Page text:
|Publication number||US4969063 A|
|Application number||US 07/352,434|
|Publication date||Nov 6, 1990|
|Filing date||May 16, 1989|
|Priority date||May 16, 1989|
|Publication number||07352434, 352434, US 4969063 A, US 4969063A, US-A-4969063, US4969063 A, US4969063A|
|Inventors||Gary W. Scott, Christopher K. Goble|
|Original Assignee||Square D Company|
|Export Citation||BiBTeX, EndNote, RefMan|
|Patent Citations (11), Referenced by (86), Classifications (12), Legal Events (4)|
|External Links: USPTO, USPTO Assignment, Espacenet|
1. Technical Field
The invention is related to an electrical circuit breaker operable between three status conditions and having means for displaying the status condition of the breaker.
2. Background Prior Art
The particular status of an electrical circuit breaker, i.e. on, manually turned off or automatically tripped, is not always easy to determine from the position of the associated actuating handle or button under certain situations. This is particularly true when available ambient light is low, or when the observer is some distance away from the breaker, or when the observer is inexperienced at using circuit breakers. It is important to know the status of a given circuit breaker for two reasons.
First, a service technician must always know before he starts working on an electrical load or appliance permanently connected to power circuit whether or not it is safe to do so. He must therefore be able to easily verify that the circuit breaker connecting the load in question is in the off condition.
Second, in those instances where several personnel are engaged in working or otherwise servicing the electrical equipment in the same area, frequently turning various breakers on or off, it is important that the electrician servicing troublesome equipment which is in the habit of tripping breakers be able to quickly establish that the equipment in question is inoperative because someone has turned off the breaker, or in the alternative that it has tripped the breaker because of defective equipment operation.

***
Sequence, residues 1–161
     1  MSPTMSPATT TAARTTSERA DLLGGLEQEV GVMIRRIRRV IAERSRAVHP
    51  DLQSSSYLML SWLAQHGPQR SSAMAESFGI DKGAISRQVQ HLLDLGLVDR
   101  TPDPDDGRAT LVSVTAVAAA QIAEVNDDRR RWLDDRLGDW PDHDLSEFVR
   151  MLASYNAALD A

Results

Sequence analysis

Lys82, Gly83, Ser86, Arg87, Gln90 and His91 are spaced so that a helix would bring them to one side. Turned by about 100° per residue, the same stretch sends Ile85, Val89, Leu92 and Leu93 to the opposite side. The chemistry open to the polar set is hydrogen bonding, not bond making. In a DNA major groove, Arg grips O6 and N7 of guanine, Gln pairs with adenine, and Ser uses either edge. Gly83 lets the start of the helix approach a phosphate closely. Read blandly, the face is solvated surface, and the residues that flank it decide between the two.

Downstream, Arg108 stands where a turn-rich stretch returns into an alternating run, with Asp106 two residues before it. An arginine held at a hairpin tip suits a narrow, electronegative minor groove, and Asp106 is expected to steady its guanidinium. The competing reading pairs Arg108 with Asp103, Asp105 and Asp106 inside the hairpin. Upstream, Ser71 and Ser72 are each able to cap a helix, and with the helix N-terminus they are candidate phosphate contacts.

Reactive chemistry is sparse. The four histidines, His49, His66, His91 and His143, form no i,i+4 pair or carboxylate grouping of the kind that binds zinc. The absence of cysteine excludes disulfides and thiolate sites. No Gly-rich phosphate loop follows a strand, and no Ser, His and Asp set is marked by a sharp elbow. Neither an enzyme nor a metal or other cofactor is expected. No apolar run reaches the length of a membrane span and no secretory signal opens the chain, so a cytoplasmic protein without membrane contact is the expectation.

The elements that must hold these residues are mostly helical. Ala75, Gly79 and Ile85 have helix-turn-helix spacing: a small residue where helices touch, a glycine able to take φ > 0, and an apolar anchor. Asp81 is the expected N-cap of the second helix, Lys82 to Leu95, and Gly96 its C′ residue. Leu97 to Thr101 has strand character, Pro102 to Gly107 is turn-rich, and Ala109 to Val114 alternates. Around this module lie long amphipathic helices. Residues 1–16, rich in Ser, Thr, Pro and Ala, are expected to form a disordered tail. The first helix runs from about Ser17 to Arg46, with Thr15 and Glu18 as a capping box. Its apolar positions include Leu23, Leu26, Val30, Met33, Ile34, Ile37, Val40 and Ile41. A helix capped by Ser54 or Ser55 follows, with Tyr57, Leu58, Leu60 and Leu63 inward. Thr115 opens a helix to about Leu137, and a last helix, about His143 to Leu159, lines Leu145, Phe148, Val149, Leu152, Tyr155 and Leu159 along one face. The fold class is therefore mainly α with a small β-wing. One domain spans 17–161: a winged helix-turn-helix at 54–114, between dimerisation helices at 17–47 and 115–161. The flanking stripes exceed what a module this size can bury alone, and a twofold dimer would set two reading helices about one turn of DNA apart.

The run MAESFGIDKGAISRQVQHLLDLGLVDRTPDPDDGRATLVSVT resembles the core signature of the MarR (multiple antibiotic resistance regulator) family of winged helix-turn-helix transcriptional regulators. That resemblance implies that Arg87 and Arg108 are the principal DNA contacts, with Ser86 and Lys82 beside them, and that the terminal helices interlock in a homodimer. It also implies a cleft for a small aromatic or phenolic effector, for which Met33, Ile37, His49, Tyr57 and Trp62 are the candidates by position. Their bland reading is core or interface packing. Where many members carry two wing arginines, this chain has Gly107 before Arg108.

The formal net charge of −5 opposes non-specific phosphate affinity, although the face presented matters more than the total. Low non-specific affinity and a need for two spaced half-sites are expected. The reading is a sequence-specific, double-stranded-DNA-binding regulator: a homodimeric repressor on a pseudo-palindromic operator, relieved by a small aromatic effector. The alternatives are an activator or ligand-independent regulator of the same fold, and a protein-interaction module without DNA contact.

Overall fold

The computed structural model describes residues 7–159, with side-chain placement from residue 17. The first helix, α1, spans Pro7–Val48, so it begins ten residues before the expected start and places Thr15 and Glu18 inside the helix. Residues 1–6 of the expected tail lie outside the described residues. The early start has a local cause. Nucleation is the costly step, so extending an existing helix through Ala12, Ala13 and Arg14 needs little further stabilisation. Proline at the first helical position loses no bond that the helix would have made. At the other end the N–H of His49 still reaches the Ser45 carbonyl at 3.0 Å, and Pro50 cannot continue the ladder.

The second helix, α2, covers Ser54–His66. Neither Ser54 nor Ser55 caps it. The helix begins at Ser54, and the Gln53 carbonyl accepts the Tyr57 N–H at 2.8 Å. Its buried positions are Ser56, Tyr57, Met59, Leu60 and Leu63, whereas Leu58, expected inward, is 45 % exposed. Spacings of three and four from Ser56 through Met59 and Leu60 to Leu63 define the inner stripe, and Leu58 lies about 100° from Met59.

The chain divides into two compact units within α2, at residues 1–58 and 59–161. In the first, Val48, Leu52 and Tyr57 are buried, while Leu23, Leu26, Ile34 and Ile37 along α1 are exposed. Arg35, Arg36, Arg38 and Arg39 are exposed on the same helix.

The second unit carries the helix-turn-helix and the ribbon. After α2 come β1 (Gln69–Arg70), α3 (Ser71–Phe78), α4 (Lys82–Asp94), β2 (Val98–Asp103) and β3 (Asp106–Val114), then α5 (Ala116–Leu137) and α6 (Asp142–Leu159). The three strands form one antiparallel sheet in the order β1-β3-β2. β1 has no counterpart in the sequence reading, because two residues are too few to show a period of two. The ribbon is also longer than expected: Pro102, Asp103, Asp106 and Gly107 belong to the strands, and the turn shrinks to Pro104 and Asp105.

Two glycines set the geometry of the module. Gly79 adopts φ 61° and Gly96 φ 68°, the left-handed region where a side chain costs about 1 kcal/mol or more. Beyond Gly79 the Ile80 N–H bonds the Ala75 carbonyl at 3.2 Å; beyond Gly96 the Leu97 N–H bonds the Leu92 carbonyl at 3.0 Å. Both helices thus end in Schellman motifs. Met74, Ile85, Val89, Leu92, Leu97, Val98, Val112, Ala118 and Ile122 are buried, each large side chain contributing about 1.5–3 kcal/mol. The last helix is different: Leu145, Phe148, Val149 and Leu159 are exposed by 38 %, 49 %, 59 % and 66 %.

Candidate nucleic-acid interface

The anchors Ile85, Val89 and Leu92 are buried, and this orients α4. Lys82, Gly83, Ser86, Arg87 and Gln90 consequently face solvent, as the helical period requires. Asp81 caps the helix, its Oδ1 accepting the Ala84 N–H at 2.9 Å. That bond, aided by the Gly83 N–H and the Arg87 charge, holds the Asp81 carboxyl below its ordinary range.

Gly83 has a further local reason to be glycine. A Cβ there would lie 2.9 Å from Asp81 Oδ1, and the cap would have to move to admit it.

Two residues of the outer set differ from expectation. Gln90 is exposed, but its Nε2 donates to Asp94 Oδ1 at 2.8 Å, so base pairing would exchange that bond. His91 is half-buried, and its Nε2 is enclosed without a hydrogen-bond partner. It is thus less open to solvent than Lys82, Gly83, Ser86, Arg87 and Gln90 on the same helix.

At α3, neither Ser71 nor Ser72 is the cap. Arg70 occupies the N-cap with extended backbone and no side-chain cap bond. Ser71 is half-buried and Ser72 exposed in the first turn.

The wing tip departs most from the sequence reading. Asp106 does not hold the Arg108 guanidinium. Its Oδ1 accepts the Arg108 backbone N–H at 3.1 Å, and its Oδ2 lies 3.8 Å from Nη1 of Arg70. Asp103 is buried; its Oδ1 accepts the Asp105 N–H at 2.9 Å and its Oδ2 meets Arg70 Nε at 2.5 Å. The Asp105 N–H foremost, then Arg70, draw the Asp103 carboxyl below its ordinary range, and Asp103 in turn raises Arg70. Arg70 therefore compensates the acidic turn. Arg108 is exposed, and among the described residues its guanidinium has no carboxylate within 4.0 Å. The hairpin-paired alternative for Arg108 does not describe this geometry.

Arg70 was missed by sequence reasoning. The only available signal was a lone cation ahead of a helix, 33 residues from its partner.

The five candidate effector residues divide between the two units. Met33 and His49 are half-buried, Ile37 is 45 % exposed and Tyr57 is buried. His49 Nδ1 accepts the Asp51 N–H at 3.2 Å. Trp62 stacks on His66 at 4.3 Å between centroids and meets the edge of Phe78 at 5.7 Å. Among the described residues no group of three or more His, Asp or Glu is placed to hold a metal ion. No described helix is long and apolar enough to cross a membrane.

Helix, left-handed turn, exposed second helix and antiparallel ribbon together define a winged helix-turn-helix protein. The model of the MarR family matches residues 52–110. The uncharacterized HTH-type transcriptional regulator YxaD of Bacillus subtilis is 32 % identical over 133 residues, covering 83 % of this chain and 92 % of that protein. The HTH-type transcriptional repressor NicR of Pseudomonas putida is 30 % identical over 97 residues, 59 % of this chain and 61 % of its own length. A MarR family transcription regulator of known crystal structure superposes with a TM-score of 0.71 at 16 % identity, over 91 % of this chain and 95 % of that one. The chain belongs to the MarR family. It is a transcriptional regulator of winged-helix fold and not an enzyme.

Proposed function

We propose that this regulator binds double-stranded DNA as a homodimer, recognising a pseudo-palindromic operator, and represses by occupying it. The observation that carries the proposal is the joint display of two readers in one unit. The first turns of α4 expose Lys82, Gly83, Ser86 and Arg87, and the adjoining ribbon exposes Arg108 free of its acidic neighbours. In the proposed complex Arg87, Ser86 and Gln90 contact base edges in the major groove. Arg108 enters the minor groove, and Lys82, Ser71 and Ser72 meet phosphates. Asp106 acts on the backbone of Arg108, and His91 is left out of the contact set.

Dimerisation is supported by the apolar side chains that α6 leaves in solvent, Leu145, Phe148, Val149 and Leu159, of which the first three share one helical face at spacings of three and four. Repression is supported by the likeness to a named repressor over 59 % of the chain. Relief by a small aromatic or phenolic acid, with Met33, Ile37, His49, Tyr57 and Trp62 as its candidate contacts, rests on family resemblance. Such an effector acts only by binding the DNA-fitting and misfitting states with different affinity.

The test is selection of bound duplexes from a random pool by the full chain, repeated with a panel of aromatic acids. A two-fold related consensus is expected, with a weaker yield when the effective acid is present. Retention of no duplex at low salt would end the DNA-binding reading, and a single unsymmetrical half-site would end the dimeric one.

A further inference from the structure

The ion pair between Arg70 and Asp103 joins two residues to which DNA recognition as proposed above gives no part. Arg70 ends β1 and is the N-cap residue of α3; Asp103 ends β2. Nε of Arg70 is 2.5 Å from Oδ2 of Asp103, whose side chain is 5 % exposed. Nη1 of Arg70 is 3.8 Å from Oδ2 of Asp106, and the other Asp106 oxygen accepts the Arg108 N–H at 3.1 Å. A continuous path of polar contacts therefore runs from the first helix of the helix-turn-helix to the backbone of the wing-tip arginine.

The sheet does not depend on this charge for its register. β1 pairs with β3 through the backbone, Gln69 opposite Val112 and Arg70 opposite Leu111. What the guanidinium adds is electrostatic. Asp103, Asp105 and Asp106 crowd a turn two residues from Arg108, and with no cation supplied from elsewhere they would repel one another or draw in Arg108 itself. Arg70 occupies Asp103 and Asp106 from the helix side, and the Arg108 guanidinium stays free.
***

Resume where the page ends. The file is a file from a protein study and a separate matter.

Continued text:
There remains a need for an indicator system which will show to a remote observer which switching conditions exist in the breaker. Additionally, any such indicator system must draw any necessary electrical power from incoming electrical power lines in such a way that it does not form a significant shunt paths around the breaker itself. Such shunt path can give rise to shock hazard, in that the user may attempt to change connections any point in the circuit protected by the breaker in the tripped or off state and still receive an electrical shock because of this bypassing action.
U.S. Pat. Nos. 4,633,240 and 4,611,201, both issued to Guim, et al., disclose a breaker having a battery-powered light energized through an auxiliary switch coupled to the breaker mechanism so as to turn the light on only when the breaker trips. Here an obvious hazard is presented since the light is extinguished in both the off and on settings of the breaker, and the electrician servicing remote equipment has to closely inspect the breaker to determine whether to handle indicates the ON or OFF condition.
U.S. Pat. No. 3,529,292 issued to Neill, et al. shows a system status indicator for an array of remote electrical loads and using a complex system of independent status lights indicating the load status and breaker settings; however, there is no provision for a status light indicating the off state of the load.